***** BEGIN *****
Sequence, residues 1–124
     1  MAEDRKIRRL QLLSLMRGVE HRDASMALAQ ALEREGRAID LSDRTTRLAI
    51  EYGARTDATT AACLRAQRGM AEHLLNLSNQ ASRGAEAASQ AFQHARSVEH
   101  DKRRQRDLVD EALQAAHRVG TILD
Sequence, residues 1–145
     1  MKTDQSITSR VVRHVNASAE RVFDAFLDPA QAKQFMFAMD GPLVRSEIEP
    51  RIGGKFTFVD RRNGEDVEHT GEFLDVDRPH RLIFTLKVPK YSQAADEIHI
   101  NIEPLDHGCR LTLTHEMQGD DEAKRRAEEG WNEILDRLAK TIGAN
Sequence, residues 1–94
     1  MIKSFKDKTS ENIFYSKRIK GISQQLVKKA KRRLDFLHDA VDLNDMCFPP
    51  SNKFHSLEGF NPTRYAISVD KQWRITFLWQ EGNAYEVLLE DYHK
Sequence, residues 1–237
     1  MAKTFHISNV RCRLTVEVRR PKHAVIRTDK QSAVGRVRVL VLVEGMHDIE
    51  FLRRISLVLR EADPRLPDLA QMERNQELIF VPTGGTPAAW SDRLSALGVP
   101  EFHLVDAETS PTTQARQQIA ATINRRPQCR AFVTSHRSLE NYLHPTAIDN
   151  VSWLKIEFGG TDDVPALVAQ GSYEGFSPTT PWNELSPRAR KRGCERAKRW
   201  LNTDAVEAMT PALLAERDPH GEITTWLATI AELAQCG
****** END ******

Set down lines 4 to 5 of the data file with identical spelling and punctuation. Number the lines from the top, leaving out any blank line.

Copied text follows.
   101  DKRRQRDLVD EALQAAHRVG TILD
Sequence, residues 1–145